The Nature Of The Church, by John Moore

Obedience to the Gospel through faith, repentance, confession, and baptism purifies one’s soul (Heb. 11:6; Lk. 13:3; Mt. 10:32; Mk. 16:16; I Pet. 1:22). Purification is equal to salvation, and all who are obedient to the truth are in a saved relationship with God. The Lord adds those whom He has saved to others who have rendered obedience to the Gospel. Collectively, these individuals comprise the spiritual institution established by the Lord. This collectivity of saved individuals are identified by several names, all of which reveal the nature of this entity.

The basic nature of something deals with its essential character or permanent properties. The essential properties of the saved and their God-ordained characteristics are seen in the following points:

The saved are known as the church (Acts. 2:47). The Greek word for church is a compound of the preposition ek, meaning “out of” and eklesia, meaning “called.” The saved are the called out of Christ (Rom. 16:16). They are called “out of darkness and into His marvelous light” (I Pet. 2:9). Thus, they have a special purpose in which they show forth the praises of God and make known His manifold wisdom (I Pet. 2:9; Eph. 3:10). They are in the world but not of the world (John 15:19). Their lives reflect a peculiar purpose with a distinct mission (I Tim. 3:15).

The church is known as the body (Col. 1:18). It is so designated to represent its unity, though it has many members. Just as one’s human body has many physical members, yet all of its parts work together, so does the spiritual body have many members, yet all must work together. The body is to be united upon what its one head directs. It works under the direction of the head and does not seek to divide (I Cor. 12:25). Division results in the one body when members fail to recognize the authority of its head.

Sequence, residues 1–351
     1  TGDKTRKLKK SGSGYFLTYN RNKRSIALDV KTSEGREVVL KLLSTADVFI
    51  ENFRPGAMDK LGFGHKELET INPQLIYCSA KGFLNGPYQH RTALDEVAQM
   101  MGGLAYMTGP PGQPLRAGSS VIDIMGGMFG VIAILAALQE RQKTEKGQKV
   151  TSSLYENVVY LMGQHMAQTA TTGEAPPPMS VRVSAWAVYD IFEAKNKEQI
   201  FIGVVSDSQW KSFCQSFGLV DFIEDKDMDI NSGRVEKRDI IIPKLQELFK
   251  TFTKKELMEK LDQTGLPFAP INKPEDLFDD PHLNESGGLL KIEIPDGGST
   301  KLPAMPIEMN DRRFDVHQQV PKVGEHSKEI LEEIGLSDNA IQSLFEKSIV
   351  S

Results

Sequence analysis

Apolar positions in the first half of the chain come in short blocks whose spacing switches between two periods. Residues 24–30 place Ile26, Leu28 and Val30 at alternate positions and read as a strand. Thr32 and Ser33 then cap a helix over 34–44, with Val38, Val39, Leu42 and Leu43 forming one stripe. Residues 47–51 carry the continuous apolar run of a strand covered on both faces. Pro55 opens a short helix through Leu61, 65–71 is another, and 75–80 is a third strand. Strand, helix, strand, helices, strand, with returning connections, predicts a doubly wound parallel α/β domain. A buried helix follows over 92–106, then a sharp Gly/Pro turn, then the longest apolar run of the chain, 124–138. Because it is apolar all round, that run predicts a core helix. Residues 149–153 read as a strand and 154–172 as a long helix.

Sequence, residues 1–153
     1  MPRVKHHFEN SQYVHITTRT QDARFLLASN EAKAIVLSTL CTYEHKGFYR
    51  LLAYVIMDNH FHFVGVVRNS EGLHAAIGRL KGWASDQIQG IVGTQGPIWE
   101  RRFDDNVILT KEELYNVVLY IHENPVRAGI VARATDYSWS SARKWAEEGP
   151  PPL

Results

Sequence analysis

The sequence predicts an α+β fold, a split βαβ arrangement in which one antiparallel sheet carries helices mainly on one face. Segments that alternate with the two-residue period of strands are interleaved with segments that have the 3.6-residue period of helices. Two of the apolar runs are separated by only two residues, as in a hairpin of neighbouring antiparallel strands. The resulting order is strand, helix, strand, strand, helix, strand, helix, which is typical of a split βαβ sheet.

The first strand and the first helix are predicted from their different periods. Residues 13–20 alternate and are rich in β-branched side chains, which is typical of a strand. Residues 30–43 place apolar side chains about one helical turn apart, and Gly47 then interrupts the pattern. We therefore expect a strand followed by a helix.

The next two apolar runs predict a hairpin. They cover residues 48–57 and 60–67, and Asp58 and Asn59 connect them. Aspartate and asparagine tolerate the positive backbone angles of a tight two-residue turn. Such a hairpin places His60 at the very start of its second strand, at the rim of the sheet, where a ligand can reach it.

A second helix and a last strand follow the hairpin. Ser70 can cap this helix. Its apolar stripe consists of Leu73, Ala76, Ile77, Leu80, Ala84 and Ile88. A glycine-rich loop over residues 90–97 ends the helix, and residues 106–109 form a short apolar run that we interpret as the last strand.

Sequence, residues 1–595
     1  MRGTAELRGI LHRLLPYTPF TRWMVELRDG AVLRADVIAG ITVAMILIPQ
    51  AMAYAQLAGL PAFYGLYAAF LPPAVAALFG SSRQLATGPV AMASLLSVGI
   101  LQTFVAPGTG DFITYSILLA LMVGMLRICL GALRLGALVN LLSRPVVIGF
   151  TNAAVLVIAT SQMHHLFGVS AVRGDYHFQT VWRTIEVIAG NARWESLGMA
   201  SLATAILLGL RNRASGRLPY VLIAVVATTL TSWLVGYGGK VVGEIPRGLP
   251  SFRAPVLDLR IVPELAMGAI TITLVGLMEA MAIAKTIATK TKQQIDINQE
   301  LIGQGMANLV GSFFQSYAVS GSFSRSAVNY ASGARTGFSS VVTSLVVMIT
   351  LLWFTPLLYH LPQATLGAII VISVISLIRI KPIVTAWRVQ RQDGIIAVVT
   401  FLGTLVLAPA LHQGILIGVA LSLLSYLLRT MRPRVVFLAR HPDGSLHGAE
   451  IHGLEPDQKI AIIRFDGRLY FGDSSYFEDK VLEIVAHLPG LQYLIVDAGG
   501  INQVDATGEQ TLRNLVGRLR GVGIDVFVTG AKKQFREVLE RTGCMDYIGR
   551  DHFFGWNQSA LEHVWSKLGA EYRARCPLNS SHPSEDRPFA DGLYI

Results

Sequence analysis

The body is known as the house of God (I Tim. 3:15; Eph. 3:19). God’s house is indicative of a family whose members have mutual responsibility and blessings of inheritance. An earthly family has a father who provides for his children and sons and daughters who love and care for each other. Abundant blessings and familial ties provide a haven of warmth, nurturing, and kinship. In God’s family, there are brothers and sisters who must love (I John 4:7), admonish (II Thess. 3:15), and care for one another (I Cor. 12:25). Sweet fellowship and words of light bind them together. They enjoy spiritual blessings as a merit of adoption by Christ Jesus (Eph. 1:3-5). Their Heavenly Father provides good gifts for His children (Matt 7:11), along with the greatest gift of all: the gift of salvation, which is obtained by faith which works (Jas. 2:14-26).

Finally, the family is known as the kingdom (Col. 1:13). The church and kingdom are one and the same (Matt. 16:18-19). The kingdom designation demonstrates the rule and dominion of Christ in the hearts of the saved. It is not earthly, but spiritual. It is the rule and reign of Christ in the hearts of men (Lk. 17:20,21). Christ, its King, is to be revered, worshipped, and glorified. His complete dominion, power, and sovereign will must be recognized; His everlasting Word, obeyed.

A greater understanding of the church should heighten our appreciation for God’s wisdom and planning. Many of a Christian’s responsibilities and blessings can be discovered by a careful examination of what the scriptures reveal about the nature of Christ’s church. The God-given names for the saved reflect more than a variety of unique titles. Rather, these sacred titles are a sublime and majestic revelation of God’s plan and purpose for His people.

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